v.       invite member states:

      a. to take account of the phenomenon of expatriation, its benefits and challenges, in their migration policies, notably with a view to introducing support measures in the cultural, educational, social and political spheres better serving the interests of both states and nationals;

      b. to undertake, if they so wish, a survey of their nationals living abroad, taking into account the differing and complex situations of permanent and temporary expatriates;

      c. to draw up, at national level, an in-depth, systematic analytical description of the respective situations of expatriates, with a view to co-ordinating expatriate relations policies at European level and harmonising arrangements for the institutional and political representation of expatriates, for example by creating a real expatriate status through appropriate legal instruments;

      d. to take account of expatriates' interests in policy-making and in national practices concerning:

i.       the movement of individuals, visas and border formalities;

ii.       the naturalisation in the host country, resulting in dual nationality;

iii.       the right to vote in loco in the country of origin;

v.       expatriates' right to vote in local elections in the host country;

      e. to draw up specific legal frameworks for protecting these "Euro-migrants", particularly in the new democracies of central and eastern Europe;

      f. to promote the idea that public media should produce specific programmes for expatriates;

6.       The Assembly considers it important to maintain the right of return for expatriates having possessed the nationality of their country of origin and to foster the economic and social reintegration of persons returning to their country of origin.

II.       Explanatory memorandum by Mrs Aguiar and Mrs Guirado

Table of contents

Page

1. Introduction       5

2. Migration in Europe       6

3. States and expatriation       7

3.1. The great diversity of national attitudes       7

3.2. The reciprocal benefits of support for expatriates       8

4. Measures taken by states       9

4.1. Structural measures       9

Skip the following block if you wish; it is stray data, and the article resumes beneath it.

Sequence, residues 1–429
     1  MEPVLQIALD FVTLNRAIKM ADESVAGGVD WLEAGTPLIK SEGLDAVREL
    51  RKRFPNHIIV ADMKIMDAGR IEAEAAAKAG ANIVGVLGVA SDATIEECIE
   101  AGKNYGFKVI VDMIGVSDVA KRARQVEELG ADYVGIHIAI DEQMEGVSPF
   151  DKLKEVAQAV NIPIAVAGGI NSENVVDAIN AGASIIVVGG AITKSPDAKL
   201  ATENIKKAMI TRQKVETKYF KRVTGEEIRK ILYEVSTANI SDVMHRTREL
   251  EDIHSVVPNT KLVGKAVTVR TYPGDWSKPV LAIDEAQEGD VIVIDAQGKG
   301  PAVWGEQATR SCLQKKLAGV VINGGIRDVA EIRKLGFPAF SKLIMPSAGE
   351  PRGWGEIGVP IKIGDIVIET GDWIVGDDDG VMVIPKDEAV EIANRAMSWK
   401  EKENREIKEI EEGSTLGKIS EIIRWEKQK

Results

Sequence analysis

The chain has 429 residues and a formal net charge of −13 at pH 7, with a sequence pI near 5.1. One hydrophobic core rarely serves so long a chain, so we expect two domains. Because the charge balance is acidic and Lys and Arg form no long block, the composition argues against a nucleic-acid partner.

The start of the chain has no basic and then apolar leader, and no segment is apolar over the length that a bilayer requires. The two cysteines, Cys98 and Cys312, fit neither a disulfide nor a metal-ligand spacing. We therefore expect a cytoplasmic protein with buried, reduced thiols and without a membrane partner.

4.2. Cultural and linguistic initiatives       10

4.3. Political rights       11

4.3.1 The right to vote       11

4.3.2 Specific representation in parliament       143 4.4 Institutional representation       14

.

5. Strengthening links between expatriates and their home countries       19

5.1. Problems encountered by expatriates       19

5.1.1 Problems linked with the laws on nationality       19

5.1.2 The difficulty of exercising political rights       20

5.1.3 Social and fiscal discrimination       21

5.2. A few proposals for measures at national level       21

5.2.1 Encouraging expatriates to register       21

5.2.2 Increased political rights       21

5.2.3 Practical support measures       22

Taxation       22

– Social protection       22

– Employment       22

– Culture and communication       22

– Facilitating reintegration       23

– Nationality       23

– Consular action       24

5.3. Points to be considered at European level       24

5.3.1 The example of the European Union       24

5.3.2 Practical aid in places of residence       25

5.3.3 Improved political and institutional representation       25

5.3.4 Thinking about the concepts of nationality and citizenship       26

6. Conclusion       26

1.       Introduction

1. Although full and satisfactory definitions of the term "expatriate" are still hard to come by, and detailed data on emigration are still in short supply, there is definitely a new awareness of the significance and effects of expatriation in the new context of freedom of movement in the Europe of the Fifteen, and of increasing migration flows in the countries of central and eastern Europe.

2. Several tens of millions of Europeans live outside their countries of origin, and intra-European migration and binational marriages are increasing all the time. These trends are helping to undermine both traditional conceptions of the state as a geographically delimited population unit and formal concepts of nationality.

3. In fact, it is in states’ interest that their nationals should continue to exercise their nationality consciously and actively, ensuring that it does not become merely passive, or essentially a matter of feelings and emotions. For their part, those nationals can play an important go-between role in host countries, working for better political, cultural, linguistic, economic, financial and commercial relations between their countries of origin and the countries where they live. They act, in other words, as an interface, with definite socio-economic effects on their home countries.